Laboratory and field results have confirmed the advantages of kinetic gas hydrate inhibitors compared to classical thermodynamic inhibition methods. Kinetic inhibitors being used currently are high molecular weight water soluble polymers and they require a polar carrier solvent. In situations where the solvent is allowed to evaporate, i.e. hot spots in a gas pipeline, the solid polymer will plate out of the solution and may cause problems. This paper describes new low molecular weight kinetic gas hydrate inhibitors. These newly developed products, being liquid, will not plate out of solutions, can be used either in a polar solvent or a hydrocarbon carrier. Simulated hydrates laboratory testing has been done on a tetrahydrofuran/salt water system in a simple and unique testing loop. Comparable laboratory results were obtained for experimental and established kinetics gas hydrate inhibitors. Positive laboratory results were followed with successful field testing. Laboratory and field results indicate the experimental inhibitors have potential commercial applications in gas hydrate prevention technology.


Gas hydrates form when water molecules crystallize around guest molecules. The water/guest cocrystallization process has been recognized for several years, is well characterized and occurs with sufficient combinations of temperature and pressure. Significant amounts of natural gas are deposited in the form of hydrates and are considered as future energy sources.

Light hydrocarbons, methane-to-heptanes, nitrogen, carbon dioxide and hydrogen sulfide are the guest molecules of interest to the natural gas industry. Depending on the pressure and gas composition, gas hydrates may build up at any place where water coexists with natural gas at temperatures as high as 80 F. Long gas transmission lines are particularly vulnerable to being blocked with hydrates during extended cold weather conditions. Underwater pipelines and equipment may be exposed to hydrate forming conditions all the time. Extensive studies on gas hydrates were conducted by B. Dendy Sloan Jr. and coworkers at the Colorado School of Mines (CSM). These studies sponsored by several oil and gas companies included both the theoretical and practical aspects of hydrates and methods of hydrates inhibition. Gas hydrates are being studied worldwide at several research laboratories.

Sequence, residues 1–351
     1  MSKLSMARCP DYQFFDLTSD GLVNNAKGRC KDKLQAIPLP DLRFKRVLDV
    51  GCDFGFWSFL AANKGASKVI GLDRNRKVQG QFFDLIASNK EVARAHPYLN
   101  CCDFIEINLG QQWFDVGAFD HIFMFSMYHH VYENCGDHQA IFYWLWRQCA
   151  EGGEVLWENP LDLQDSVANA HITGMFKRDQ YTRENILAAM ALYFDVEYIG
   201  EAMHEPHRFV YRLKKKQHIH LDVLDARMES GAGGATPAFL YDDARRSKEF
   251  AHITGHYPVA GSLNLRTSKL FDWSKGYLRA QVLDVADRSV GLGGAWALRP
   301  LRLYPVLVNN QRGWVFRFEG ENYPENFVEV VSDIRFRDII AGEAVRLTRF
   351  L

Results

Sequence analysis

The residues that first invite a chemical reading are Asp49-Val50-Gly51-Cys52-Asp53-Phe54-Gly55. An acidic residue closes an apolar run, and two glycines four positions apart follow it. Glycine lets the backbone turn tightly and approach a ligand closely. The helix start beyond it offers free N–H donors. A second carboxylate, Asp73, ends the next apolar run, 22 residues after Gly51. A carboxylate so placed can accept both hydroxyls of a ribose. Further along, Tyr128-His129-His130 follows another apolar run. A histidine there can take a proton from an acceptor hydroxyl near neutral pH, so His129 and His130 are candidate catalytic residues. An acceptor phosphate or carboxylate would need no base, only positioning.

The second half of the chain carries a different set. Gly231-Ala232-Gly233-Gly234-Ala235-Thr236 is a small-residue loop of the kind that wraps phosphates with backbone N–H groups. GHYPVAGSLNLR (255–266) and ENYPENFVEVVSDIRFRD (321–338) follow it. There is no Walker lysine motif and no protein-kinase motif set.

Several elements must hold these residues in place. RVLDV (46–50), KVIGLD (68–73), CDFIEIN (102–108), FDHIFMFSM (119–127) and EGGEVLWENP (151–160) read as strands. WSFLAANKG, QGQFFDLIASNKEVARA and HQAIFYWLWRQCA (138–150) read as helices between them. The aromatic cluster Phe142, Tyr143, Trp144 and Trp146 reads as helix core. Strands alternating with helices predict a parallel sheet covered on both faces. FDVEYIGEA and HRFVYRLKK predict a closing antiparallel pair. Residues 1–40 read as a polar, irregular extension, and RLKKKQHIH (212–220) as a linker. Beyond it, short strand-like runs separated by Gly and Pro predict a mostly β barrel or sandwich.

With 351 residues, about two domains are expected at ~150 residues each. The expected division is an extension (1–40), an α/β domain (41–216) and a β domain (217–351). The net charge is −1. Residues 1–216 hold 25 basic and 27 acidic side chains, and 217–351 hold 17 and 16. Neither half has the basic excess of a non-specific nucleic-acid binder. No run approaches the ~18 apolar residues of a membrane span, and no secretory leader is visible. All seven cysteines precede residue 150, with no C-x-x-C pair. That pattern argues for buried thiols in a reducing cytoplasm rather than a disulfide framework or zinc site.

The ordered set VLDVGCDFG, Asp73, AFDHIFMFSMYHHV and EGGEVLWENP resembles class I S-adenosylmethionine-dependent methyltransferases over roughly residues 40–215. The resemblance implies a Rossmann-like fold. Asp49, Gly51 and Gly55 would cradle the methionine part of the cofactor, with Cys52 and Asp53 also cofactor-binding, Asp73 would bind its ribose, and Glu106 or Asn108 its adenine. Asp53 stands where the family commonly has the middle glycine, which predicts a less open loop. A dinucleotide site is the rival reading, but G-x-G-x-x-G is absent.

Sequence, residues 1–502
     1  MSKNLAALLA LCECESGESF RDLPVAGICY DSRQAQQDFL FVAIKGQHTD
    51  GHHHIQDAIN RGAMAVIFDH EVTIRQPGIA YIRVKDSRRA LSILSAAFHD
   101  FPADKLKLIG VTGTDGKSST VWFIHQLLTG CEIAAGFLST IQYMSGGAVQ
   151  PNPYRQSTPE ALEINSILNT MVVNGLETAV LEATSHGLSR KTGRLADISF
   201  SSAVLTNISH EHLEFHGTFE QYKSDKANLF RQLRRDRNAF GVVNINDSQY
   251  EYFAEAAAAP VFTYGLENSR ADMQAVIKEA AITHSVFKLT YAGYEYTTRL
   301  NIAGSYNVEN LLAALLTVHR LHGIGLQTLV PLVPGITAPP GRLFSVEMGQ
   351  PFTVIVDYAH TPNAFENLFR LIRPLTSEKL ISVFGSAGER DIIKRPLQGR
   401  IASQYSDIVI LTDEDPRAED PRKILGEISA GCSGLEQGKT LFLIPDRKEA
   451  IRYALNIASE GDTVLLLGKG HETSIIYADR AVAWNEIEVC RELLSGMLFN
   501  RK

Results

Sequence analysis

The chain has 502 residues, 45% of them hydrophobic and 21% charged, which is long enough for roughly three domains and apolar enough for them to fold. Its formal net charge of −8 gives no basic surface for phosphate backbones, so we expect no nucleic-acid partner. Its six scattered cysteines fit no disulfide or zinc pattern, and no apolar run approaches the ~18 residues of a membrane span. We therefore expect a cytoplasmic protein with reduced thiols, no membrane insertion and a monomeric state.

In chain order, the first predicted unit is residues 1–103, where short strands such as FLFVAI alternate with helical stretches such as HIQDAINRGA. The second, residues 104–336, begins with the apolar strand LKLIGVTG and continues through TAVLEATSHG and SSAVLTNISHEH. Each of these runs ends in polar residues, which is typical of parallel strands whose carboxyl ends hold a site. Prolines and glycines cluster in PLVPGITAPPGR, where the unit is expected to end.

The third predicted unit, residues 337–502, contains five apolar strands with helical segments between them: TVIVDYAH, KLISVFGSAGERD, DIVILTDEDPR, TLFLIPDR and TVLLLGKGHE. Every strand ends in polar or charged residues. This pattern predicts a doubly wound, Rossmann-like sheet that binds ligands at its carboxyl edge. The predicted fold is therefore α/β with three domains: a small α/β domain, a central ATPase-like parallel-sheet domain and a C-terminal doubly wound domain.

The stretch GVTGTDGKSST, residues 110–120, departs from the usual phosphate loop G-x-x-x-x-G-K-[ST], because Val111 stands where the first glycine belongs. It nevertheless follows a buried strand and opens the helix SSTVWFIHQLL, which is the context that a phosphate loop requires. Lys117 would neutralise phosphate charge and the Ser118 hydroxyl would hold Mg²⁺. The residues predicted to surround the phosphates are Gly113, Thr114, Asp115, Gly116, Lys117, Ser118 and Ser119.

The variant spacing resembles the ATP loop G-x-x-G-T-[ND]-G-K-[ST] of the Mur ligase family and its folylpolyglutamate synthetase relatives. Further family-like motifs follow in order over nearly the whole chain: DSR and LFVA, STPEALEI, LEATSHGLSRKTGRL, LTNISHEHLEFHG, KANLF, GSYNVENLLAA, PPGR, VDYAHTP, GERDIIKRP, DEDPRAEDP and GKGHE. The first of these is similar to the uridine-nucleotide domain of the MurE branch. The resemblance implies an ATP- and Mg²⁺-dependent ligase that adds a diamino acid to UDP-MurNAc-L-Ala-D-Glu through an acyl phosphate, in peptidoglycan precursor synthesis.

There are few methods of preventing gas hydrates formation. The obvious ones like removing the water component, heating the system above the temperature of hydrate formation and lowering the pressure, are often not practical. Another method, the addition of large amounts of ethylene glycol or methanol, decreases the hydrate stability and effectively lowers the temperature of hydrate formation. The above mentioned methods are called thermodynamic inhibition because they destabilize water/gas clathrates by changing the composition or conditions. Thermodynamic inhibition with chemicals requires relatively large amounts of methanol and/or glycol; hence it is quite expensive.

Kinetic methods of gas hydrates prevention have been developed by CSM and other laboratories. Kinetic inhibitors prevent a growth of hydrate nuclei to form larger crystals. Kinetic inhibitors are usually water-soluble copolymers. They are effective at concentrations typically ten to one hundred times less than the effective concentrations of ethylene glycol or methanol. With thermodynamic inhibitors increasing in price, the kinetic ones are becoming economically favorable. Known kinetic inhibitors like poly(N-vinylpyrrolidone (PVP), poly(N-vinylpyrrolidone/N-vinylcaprolactam/N, N-dimethylaminoethylmethacrylate (VC-713), poly(N-vinylcaprolactam) (PVCap) or poly(N-vinylpyrrolidone/Nvinylcaprolactam) (VP/VC) inhibit gas hydrates formation by coating and commingling with hydrate crystals nuclei, thereby interfering with agglomeration of small particles into large ones which would result in plugging the gas pipeline and equipment.

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